Usain’s mis-timed bolt sparks false start debate


SHOCKWAVES reverberated across the world of track and field when Usain Bolt was disqualified in the 100M final at the International Association of Athletics Federations (IAAF) World Championships in Daegu, South Korea.

The world’s fastest man was penalised for bolting too soon off the starting blocks. If he were utterly distraught by his misstep, so too were billions of fans worldwide who had anticipated a fast time from him.

His ‘red card’ has put the controversial one false start regulation in the spotlight. Some prominent IAAF officials have described the rule as a bit harsh, comparing the Jamaican’s disqualification to a case of athletics once again shooting itself in the foot, notwithstanding the fierce competition for sponsorships from other sports.

Two top British athletes – Olympic champion Christine Ohuruogu (400m heats) and Dwain Chambers (100m semi-finals) were also victims of the ‘sudden death’ regulation.

Most pundits think it’s a crazy rule and have urged the IAAF bigwigs to revisit it. Even the beneficiary of Bolt’s slip, compatriot Yohan Blake, who eventually won the gold medal, admitted he felt no special joy winning this way.

Former 100M champion Kim Collins, the bronze medallist in Daegu, does not think the false start rule is the right one but believes it will stay because the IAAF thinks it is good for TV.

Before 2003, rules always allowed sprinters a second chance when they false-started. But because there were often so many athletes beating the gun, knowing they would have at least one reprieve, races were sometimes held up, leading to unhappy TV schedulers.

So the rule was amended to allow for one false-start with the second offender to get the boot, regardless of whether he or she had been responsible for the original false start.

This, too, did not work because of suspicions some slower starting athletes would deliberately jump the gun, knowing next time around, the quicker starters would have to be more cautious.

So earlier last year, the IAAF took the controversial zero tolerance route with 97 to 55 votes in favour.

Two years ago under the previous IAAF rule, Bolt false- started in his semi-final of the World Championships in Berlin. The rule then allowed for one false start.

Bolt won his semi in 9.89 seconds, then smashed his own world record with a time of 9.58 seconds two hours later in the final.

TV captured one of the greatest moments in the history of sports when Bolt ran that Berlin final. Now, in stark contrast, we have the Daegu disaster.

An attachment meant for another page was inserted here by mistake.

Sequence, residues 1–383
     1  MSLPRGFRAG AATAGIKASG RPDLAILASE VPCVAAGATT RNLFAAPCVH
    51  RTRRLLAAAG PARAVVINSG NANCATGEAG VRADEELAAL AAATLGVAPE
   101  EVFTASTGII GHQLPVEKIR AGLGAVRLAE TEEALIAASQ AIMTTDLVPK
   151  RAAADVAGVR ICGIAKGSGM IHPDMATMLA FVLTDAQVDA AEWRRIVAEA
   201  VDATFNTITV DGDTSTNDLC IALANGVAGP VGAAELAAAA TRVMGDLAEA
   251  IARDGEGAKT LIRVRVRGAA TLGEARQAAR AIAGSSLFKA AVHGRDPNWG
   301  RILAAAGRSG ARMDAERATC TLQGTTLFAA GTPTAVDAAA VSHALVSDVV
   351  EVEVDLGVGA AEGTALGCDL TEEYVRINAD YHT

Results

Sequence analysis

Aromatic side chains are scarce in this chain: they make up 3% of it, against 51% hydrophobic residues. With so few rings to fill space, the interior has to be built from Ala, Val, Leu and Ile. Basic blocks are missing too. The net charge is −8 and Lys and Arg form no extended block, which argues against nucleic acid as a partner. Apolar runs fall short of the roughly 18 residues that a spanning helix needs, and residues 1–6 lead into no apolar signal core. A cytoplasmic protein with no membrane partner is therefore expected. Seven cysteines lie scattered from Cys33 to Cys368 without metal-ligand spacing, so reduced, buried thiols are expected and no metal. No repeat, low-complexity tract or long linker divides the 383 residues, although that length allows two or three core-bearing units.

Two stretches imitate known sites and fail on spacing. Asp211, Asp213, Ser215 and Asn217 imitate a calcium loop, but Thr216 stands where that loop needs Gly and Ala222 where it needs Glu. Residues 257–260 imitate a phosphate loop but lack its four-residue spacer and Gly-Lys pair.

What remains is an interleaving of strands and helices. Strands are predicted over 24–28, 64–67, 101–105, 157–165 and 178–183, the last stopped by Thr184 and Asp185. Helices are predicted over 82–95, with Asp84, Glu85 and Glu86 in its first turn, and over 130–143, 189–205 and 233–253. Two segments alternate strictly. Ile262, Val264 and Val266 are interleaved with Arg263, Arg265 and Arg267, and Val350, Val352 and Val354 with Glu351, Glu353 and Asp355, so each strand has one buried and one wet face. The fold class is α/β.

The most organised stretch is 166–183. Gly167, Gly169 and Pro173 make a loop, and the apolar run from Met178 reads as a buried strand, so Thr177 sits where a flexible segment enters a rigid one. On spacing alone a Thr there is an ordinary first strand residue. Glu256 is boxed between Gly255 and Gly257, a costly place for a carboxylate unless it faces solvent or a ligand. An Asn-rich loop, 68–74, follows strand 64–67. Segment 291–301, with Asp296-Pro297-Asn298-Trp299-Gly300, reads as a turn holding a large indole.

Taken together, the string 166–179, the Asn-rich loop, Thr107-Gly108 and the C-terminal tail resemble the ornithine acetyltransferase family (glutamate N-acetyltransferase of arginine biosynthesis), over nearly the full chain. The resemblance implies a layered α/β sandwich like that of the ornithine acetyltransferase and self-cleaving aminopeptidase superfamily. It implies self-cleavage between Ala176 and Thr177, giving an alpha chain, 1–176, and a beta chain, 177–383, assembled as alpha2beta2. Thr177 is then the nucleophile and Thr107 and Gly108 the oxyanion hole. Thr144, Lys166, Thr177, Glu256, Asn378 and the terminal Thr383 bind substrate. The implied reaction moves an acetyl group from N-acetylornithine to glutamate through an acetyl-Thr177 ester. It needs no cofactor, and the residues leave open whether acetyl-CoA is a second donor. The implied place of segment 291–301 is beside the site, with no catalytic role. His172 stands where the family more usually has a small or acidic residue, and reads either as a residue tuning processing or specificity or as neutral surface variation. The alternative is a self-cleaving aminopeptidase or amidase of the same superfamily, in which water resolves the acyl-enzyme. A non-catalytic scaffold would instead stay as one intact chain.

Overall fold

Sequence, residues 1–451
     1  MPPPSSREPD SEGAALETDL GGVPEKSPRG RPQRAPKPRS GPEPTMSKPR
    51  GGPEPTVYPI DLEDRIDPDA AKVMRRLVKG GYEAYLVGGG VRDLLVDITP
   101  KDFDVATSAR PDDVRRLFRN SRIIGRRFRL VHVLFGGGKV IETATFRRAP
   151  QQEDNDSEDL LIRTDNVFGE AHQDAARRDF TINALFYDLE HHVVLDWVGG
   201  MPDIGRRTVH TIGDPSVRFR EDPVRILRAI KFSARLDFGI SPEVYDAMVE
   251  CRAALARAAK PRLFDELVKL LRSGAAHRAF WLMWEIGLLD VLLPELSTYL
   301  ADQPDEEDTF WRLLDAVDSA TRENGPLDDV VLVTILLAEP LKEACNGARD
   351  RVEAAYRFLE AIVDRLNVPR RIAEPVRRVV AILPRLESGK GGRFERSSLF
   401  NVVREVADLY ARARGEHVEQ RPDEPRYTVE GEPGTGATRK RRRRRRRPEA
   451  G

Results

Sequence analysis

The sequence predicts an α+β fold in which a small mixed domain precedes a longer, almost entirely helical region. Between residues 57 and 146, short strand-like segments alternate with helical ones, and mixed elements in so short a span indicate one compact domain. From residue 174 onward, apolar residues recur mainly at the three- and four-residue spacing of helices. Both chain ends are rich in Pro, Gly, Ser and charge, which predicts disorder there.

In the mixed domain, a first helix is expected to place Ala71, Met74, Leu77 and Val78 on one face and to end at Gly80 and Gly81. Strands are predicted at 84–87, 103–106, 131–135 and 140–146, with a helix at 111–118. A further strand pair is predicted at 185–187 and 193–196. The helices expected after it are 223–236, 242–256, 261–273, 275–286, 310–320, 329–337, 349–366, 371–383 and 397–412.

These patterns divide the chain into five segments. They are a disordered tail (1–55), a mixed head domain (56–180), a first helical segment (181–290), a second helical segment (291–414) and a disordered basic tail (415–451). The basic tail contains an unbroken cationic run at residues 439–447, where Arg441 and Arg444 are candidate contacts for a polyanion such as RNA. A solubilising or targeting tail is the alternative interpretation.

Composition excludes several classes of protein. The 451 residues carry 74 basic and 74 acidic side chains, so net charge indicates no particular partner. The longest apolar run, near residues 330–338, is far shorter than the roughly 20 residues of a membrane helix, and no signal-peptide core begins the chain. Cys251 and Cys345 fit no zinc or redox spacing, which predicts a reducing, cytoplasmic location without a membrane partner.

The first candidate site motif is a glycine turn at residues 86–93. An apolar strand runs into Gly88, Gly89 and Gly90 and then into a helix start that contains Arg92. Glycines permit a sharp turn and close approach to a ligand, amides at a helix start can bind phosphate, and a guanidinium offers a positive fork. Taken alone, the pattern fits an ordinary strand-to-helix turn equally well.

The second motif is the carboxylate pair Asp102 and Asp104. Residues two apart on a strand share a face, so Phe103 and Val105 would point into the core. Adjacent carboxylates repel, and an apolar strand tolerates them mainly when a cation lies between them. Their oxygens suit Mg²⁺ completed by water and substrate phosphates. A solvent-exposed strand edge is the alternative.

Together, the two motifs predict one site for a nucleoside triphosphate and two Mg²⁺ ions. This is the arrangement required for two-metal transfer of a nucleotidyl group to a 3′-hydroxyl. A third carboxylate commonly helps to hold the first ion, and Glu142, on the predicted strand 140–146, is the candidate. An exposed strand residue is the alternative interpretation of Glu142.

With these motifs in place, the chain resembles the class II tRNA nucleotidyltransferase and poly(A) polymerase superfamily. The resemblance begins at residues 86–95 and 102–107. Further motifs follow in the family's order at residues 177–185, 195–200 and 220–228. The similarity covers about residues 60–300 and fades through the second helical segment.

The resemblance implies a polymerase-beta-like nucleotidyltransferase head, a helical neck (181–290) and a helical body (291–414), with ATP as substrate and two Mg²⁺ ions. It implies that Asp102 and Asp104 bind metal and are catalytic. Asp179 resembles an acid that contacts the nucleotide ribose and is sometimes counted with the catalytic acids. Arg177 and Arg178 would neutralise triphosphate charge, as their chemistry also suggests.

Many view the present rule as punitive to the point of being damaging to a sport (track and field) that has already lost much of its former lustre.

The argument is why punish track athletes with a no-second-chance rule when you don’t kick Tiger Woods off the course for slicing one into the gallery or order Michael Jordan off court for stopping the game with a solitary foul.

The IAAF has the power to make new rules but it’s unlikely to change the ‘false start’ rule any time soon.

Lord Sebastian Coe, chairman of London 2012, dismissed the idea of returning to the old system, warning the sport will not be pushed into a rapid turnaround.

But Coe was essentially a champion of middle-distance events (800M and 1,500M) where athletes are not subjected to pressure-cooker situations like sprinters on the starting blocks.

Hence, he is perhaps not the best spokesman for the pro-one-false-start lobby.

Lynford Christie, the great British sprinter who himself was disqualfied for making two false starts in the 100M at the 1996 Atlanta Olympics, would be the better choice.

IAAF spokesman Nick Davies, in defending the one false-start rule, said: “This is sport – not show business.”

Although Davies is an old hand at the game, he is certainly wrong to say sports is not show business. He should know many sports rules have been changed at the behest of big TV stations.

False starts are considered time wasters and since time is money, the IAAF, bending to the demands of TV rights holders, introduced the ‘sudden death’ rule.

Also, to accommodate live TV coverage, the badminton scoring system has twice been changed.

Nowadays, athletes are even encouraged to use fashionable sports wear just to boost TV ratings.

In golf, the ratings have fluctuated with the on-off appearances of its beleaguered superstar, Tiger Woods.

The Football World Cup is dubbed the greatest show on Earth with the Olympic Games a close second. If all these do not make sports show business, then what does?

At the highest level, sports are pure theatre and people pay to be entertained by experts.

The issue here is, of course, about rules.

While no athletes are above the rules, there is no reason not to change bad rules.

The one false-start rule is ill-conceived because it leaves no room for second chance. This is bizarre, considering even felons are entitled to an appeal.